Celebration and Music
Can you have a time of enjoyment and celebration without music?
When people gather for a party, music fills the background. Weddings often end with dinner, dancing, and music.
Movies wouldn’t be movies without soundtracks lacing one scene to the next. Marching and pep bands arouse enthusiasm among spectators at high school and college sporting events.
Hence, it’s no surprise that music also accompanies the celebration of a community’s faith in God. Remember David, whose forces had wrenched the Ark of the Covenant from the Philistine people? The Chronicler depicted the people of Israel slowly but surely winding their way to Jerusalem. The king led the way, dancing and leaping. Accompanying all this were people shouting and singing, and instrumentalists playing horns, trumpets, cymbals, harps, and lyres (1 Chronicles 15).
The Ark had been taken from its people earlier in battle — and lost. But now it had been found and would be returned to its rightful place. This was a time of great joy.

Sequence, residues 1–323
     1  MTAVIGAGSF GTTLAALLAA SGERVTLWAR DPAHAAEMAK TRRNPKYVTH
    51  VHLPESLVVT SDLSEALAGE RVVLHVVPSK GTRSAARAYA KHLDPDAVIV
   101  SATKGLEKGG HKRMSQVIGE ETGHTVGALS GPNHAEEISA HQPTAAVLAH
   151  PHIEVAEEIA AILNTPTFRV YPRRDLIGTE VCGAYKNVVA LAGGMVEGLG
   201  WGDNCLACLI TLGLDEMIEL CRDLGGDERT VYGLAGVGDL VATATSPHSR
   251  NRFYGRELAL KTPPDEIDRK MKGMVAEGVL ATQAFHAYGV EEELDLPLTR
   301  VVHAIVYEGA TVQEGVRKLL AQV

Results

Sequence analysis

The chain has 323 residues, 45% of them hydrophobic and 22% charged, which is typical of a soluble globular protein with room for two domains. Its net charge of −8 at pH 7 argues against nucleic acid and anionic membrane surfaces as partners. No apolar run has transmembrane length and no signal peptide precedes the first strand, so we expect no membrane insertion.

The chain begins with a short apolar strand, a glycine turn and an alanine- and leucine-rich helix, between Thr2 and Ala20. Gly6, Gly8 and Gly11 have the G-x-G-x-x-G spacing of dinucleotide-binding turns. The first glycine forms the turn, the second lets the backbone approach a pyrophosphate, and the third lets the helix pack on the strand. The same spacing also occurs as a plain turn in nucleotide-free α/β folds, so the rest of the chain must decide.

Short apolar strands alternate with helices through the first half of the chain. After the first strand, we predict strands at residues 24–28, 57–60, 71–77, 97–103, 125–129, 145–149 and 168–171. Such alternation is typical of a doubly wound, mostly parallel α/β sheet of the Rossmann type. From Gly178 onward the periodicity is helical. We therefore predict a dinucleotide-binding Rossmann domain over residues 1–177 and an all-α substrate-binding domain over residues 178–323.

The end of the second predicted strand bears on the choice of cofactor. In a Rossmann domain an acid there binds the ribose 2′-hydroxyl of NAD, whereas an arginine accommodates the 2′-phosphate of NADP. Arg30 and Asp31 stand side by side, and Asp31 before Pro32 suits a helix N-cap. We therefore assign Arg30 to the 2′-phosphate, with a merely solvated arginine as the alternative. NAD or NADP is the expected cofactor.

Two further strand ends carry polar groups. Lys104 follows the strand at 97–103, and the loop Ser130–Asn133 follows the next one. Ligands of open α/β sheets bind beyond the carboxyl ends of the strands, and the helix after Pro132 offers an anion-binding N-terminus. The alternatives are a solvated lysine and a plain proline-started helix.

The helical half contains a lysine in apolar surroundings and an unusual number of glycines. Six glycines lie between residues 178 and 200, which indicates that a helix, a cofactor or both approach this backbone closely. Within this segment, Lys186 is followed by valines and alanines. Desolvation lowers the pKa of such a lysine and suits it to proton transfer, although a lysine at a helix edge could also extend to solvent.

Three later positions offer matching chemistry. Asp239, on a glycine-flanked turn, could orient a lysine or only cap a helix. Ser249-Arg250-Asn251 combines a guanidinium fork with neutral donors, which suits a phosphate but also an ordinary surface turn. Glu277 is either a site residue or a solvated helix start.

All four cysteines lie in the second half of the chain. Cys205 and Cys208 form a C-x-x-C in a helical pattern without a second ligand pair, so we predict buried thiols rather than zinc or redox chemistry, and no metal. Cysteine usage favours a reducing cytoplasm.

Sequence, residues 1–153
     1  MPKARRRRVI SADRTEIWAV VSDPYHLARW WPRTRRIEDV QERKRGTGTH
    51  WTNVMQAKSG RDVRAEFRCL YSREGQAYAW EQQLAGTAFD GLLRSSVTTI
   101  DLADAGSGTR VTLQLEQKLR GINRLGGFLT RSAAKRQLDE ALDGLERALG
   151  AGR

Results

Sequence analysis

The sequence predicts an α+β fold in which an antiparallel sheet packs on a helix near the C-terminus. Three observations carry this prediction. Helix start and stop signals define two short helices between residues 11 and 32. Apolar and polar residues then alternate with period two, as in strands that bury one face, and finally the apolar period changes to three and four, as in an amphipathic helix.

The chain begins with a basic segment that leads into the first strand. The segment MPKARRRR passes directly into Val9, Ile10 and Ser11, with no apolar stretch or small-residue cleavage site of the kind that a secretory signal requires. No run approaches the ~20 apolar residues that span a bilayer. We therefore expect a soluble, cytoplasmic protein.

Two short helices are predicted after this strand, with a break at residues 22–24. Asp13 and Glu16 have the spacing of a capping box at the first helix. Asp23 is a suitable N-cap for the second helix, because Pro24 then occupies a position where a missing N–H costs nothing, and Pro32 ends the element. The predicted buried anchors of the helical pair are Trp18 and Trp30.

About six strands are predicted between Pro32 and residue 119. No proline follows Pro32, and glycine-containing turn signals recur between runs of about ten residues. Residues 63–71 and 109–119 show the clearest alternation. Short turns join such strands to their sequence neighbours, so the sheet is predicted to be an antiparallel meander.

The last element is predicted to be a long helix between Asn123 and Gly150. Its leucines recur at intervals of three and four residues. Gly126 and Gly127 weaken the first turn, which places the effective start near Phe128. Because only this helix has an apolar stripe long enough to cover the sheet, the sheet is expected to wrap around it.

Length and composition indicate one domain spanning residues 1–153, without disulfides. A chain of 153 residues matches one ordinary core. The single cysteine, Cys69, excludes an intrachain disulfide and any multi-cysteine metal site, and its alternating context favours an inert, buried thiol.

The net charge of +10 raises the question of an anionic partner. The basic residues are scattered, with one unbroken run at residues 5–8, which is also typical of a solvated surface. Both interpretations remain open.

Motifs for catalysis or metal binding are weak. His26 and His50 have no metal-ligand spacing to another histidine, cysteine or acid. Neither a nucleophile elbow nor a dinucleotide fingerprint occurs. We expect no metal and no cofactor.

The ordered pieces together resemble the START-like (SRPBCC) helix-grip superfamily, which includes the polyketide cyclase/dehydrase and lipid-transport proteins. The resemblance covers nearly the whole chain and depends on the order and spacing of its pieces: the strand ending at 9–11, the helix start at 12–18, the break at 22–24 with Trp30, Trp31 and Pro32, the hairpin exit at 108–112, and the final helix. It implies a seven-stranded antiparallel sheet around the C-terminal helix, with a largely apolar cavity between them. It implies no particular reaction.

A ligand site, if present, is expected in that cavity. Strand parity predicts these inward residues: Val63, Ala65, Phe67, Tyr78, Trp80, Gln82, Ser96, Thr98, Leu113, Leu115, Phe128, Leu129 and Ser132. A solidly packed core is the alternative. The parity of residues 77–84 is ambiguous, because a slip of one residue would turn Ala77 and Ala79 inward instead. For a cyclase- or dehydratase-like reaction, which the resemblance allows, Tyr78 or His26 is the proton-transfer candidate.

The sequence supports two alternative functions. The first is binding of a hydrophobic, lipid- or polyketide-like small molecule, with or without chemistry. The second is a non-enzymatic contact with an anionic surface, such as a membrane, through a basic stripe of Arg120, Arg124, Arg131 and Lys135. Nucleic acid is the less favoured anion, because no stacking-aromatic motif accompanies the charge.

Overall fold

Luke 15:11-32 records another “lost and found” story, Jesus’ telling of the Parable of the Prodigal Son. When the lost son had found his way home again, his father requested that the household stop its routine duties and orchestrate a grand blowout. What else could one do? This young son, for all intents and purposes, had earlier taken a journey into the land of the dead. But he who was once dead “is alive again.” He who was once lost is “found.”
“We had to celebrate,” the father told his older son. When life is restored, the only natural response is to celebrate. And, of course, during this celebration, there was “music and dancing.”
Our Sunday worship services are a celebration as well, a celebration of the Resurrection of Jesus Christ. It’s only natural that the people of God in Christ will want to sing old, familiar hymns, compose new songs, play musical instruments, chant, rehearse and gather in quartets or large choirs, and lift their voices, some in tune, and some out of tune.